The way North Carolina governs alcoholic spirits must change, for myriad reasons.
It breeds favoritism and corruption. It’s archaic, monopolistic, and, when comparing the N.C. Alcoholic Beverage Control system to its counterparts in neighboring states, downright embarrassing.
Clearly, lawmakers need to reconfigure, if not trash entirely, this nonsensical system, which empowers 168 local boards — effectively fiefdoms — to choose winners and losers based on political sway and personal animus.
The system is indefensible in that it gives the state unfettered authority to control all aspects of the liquor trade, including sales, and gives producers little to no recourse.
Many N.C. distillers speak out loudly against the system in private yet are careful not to criticize the ABC in public over fear of retribution, which is real. Some distillers will say that no system is perfect, and they do their best to work within its boundaries.
Nonsense. The system is broken and irreparable. It’s time to blow it up.
A state audit that found ABC officials cost the state more than $13.5 million over more than a decade is evidence enough. The hand-wringing and departures that followed the scathing audit devolved into politically tinged finger-pointing and evasion. Fighting over who did what or who’s most wrong is silly, much like trying to argue that it’s better to live in Venezuela than in North Korea. It’s bad either way.
But what to do?
My colleagues at the John Locke Foundation have championed total privatization, which most distillers I’ve talked to are reticent to embrace because they fear the heft of international conglomerates, which will overwhelm the marketplace, especially if the three-tiered system — a relic — remains in place. Distillers use words such as “crushed” and “squashed.” Some would prefer a system more like that of Virginia, a control state like North Carolina but much different because it promotes sales over control and passes laws friendly to distillers.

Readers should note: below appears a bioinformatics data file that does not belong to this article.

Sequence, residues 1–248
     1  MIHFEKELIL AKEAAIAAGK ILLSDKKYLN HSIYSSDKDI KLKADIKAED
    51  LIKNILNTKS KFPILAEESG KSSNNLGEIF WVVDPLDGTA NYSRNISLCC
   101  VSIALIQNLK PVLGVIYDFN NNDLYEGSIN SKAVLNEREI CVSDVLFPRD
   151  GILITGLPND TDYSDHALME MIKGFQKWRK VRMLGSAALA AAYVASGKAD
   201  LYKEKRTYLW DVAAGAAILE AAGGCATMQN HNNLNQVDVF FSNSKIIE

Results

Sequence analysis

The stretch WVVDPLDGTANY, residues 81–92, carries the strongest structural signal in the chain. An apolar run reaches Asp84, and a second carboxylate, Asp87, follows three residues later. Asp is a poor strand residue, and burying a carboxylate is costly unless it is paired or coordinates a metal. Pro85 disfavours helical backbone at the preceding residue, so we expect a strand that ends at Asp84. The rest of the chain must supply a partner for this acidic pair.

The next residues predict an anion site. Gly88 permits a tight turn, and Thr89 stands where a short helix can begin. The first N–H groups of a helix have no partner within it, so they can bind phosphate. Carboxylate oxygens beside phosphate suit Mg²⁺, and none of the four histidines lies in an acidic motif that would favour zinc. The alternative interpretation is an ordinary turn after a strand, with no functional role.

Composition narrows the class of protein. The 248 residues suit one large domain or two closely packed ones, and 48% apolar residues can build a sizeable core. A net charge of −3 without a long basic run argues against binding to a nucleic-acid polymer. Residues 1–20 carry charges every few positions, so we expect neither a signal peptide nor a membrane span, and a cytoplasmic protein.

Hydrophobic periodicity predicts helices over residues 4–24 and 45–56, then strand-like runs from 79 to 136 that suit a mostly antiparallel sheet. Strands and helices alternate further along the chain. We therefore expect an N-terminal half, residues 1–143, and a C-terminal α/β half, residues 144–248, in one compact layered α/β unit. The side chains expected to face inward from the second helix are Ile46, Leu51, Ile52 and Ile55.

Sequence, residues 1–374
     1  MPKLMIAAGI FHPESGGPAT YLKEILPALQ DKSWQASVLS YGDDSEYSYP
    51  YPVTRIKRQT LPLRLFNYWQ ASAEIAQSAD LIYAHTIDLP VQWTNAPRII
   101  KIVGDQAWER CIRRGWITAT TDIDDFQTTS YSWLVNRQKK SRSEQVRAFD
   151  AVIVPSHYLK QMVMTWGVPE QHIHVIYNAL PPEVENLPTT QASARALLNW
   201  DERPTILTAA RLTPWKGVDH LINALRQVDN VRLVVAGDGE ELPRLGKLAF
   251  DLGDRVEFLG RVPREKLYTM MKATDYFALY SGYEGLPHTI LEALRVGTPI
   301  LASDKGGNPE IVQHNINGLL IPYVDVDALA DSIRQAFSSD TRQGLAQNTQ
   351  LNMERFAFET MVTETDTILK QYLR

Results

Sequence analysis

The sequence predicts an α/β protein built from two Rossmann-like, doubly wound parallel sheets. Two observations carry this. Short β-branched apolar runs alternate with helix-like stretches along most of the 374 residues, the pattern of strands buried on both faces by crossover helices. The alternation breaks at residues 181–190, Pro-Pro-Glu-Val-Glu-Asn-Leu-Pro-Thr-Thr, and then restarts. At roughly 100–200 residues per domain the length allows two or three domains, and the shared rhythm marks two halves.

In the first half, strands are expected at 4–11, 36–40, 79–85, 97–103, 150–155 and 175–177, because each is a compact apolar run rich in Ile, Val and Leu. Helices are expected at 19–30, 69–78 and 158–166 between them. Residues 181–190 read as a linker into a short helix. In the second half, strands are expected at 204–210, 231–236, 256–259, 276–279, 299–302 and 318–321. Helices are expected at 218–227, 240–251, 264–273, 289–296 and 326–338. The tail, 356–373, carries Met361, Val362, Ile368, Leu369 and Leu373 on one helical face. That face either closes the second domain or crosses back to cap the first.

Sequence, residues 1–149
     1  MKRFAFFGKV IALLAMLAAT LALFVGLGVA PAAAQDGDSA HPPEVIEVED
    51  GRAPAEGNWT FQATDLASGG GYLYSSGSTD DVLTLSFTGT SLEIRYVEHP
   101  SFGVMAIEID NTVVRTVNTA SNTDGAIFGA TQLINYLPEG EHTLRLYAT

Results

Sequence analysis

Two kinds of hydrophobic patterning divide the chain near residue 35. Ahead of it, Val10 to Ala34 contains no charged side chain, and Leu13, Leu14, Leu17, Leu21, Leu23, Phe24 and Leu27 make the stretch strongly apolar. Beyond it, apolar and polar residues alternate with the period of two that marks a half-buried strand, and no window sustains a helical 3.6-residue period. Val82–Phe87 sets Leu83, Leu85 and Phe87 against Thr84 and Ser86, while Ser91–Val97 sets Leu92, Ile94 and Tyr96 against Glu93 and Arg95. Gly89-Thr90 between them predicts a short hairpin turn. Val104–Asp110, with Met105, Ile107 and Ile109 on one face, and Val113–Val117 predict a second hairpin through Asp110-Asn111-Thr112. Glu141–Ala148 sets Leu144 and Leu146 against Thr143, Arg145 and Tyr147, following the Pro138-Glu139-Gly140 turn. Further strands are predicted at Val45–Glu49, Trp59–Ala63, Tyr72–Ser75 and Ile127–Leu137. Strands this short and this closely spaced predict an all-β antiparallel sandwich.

As for the prohibitionists who continue to defend our 80-year-old system, Virginia has churches, too. As does South Carolina and Tennessee.
N.C. distillers just want a level playing field, so to speak, in which liquor is governed more like beer and wine. A modified control state would be a good place to start, in the near term. But the long-term goal should be privatization. If, that is, privatization means freedom to distribute to customers, as well as to breweries, restaurants and the like, sans regulation governing the number of stores or what products they can and can’t sell, etc.
Roy Cordato, senior economist and resident scholar at the John Locke Foundation, says a free market for distilled spirits in North Carolina would give local, state-based distilleries a real chance to step out on their own — particularly in the current atmosphere in which consumers are looking to buy “boutique” and “craft-made” products made by local producers.
“The craft beer movement is a perfect example. One could expect distilled spirit shops to spring up across the state specializing in locally produced alcoholic beverages. This might include businesses that not only sell distilled products but also beers and wines from North Carolina, all under the same roof.
“Also, individual distillers or groups of local distillers would have the opportunity to open their own stores, featuring their own brands,” Cordato says. “There is no way of knowing what distilled spirit entrepreneurs might come up with and invest in in a truly privatized, free-market setting. The current government-owned system is handcuffing the retail market and with it all entrepreneurial innovation and imagination.”
No distiller should argue that last point. Otherwise, we would ask a few questions about his or her motives.